Addressing Campus Crime on Every Level
A school's main mission is to provide a relevant education for tomorrow's workforce. One must draw a fine line between overprotection of students and staff and providing a safe learning environment. Along these lines, what are some options for reducing or ceasing crime altogether? School leaders have many options to improve security measures and emergency preparedness, from metal detectors at building entrances to tracking suspicious behaviors or using texting for rapid, mass notification. With all of these ideas, ranging from a "big brother" mentality to possibly not putting enough security measures in place, how can university leaders provide the optimal balance of security and freedom on campus?
While finding the ideal solution can be very challenging, there are many measures that can address security on campus while not detracting from the main institutional goal of education. An optimal campus security plan has four main components: protect, secure, capture, and act. By following this four-part strategy, university officials can ensure a comprehensive approach of multiple measures for optimal safety on campus.
* Protect. Security officers gain value from integrated systems that include elements such as access control, fire safety, visitor management, intercom communications, video surveillance, and biometric verification. All of these solutions converge to deliver enhanced security. By aggregating data from disparate systems, integrated security systems give security staffers a comprehensive view of everything that is going on. They gain a deeper understanding and far more control over security events. Real-time, actionable information enables more accurate situational analysis and faster response to events.
For example, Texas A&M University installed integrated access control and video surveillance to monitor and secure highly valuable animal medications at its top-ranked veterinary school. Such measures can deter theft, protect people and assets, and detect and provide evidence of security breaches if they do occur.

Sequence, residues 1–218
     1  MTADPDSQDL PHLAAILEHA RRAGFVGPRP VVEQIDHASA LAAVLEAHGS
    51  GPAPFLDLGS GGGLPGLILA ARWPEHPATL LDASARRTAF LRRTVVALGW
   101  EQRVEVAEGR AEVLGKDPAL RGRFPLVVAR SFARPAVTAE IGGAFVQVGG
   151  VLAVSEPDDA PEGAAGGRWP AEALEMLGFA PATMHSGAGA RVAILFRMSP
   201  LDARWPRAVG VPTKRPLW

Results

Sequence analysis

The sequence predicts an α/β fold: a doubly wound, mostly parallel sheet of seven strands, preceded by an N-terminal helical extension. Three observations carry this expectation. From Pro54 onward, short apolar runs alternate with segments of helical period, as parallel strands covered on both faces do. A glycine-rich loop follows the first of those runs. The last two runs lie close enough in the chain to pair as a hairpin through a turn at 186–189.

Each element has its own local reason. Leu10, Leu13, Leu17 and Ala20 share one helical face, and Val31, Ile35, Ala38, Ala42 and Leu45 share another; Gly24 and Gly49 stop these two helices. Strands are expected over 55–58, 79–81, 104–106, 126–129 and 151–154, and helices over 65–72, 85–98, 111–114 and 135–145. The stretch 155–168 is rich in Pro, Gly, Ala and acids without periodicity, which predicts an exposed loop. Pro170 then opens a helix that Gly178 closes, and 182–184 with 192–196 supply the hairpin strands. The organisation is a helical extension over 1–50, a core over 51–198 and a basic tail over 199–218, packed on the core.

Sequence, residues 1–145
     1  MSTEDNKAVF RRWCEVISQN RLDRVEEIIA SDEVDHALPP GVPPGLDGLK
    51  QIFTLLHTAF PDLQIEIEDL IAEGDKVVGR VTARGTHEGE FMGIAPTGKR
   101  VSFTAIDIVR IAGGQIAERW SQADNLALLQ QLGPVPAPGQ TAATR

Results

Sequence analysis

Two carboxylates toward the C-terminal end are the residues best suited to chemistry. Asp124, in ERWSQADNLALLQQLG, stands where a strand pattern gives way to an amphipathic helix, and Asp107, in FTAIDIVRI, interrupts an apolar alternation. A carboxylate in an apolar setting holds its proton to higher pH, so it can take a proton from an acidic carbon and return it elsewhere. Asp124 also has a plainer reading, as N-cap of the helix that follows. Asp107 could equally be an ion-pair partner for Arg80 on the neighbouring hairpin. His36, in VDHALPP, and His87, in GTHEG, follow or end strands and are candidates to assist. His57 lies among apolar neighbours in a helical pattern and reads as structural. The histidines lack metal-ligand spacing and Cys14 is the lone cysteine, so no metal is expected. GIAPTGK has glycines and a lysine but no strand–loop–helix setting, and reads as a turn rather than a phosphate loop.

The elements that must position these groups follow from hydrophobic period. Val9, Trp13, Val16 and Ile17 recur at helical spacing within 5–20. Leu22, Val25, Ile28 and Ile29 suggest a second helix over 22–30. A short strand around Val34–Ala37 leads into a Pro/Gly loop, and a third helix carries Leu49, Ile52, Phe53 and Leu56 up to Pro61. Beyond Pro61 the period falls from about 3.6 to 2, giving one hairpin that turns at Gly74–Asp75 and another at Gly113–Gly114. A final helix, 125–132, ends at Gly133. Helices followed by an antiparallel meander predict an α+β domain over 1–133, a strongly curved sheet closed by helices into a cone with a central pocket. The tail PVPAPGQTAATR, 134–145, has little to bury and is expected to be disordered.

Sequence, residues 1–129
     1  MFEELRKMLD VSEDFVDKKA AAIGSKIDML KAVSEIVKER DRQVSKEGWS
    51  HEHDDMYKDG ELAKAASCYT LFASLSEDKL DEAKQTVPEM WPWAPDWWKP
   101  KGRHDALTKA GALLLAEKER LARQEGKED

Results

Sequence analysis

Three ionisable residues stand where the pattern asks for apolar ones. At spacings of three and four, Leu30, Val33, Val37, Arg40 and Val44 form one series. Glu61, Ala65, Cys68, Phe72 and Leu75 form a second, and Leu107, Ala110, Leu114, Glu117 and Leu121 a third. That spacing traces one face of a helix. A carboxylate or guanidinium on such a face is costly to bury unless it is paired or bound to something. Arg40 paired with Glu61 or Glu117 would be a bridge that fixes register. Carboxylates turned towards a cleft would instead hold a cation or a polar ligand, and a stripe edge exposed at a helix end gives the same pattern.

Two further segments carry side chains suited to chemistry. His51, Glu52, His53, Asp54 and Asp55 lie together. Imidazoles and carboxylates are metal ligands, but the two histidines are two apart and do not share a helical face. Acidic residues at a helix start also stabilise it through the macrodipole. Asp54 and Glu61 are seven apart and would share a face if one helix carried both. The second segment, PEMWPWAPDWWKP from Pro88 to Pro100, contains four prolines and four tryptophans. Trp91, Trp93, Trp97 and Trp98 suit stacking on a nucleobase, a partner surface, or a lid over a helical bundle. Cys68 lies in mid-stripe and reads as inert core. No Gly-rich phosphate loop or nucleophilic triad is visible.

* Secure. Safer environments are created when facilities are properly secured and security protocols are properly followed. A robust security infrastructure ensures all components work together to create effective layers of security. The concept is simple: Security countermeasures can be layered as one gets closer to mission-critical assets. An example of this could be secondary identity verification through the use of a pin code or other biometrics in sensitive areas, such as research labs, data centers, housing student records, etc.
If an event were to occur, what processes are in place to keep the incident isolated? An intrusion detection application can alert officials of an incident, and an electronic access control system can initiate an automatic building lockdown to prevent entry or egress in an at-risk area. One of the top U.S. research universities, Georgia Tech, protects its students and facilities with a campus-wide security system that integrates access control with video surveillance, intrusion detection, and centralized database management. The system operates over the existing campus LAN, saving the university capital costs, and features a single personal ID card that can be used for access control, security, and retail point-of-sale purposes. This solution also enables distributed administration for individual academic departments so that each department manager can grant appropriate levels of access and have complete control of his or her respective facilities.
* Capture. We all know how important it is to document a security breach, which is why the third step of an optimal security plan, "capture," can be of utmost importance.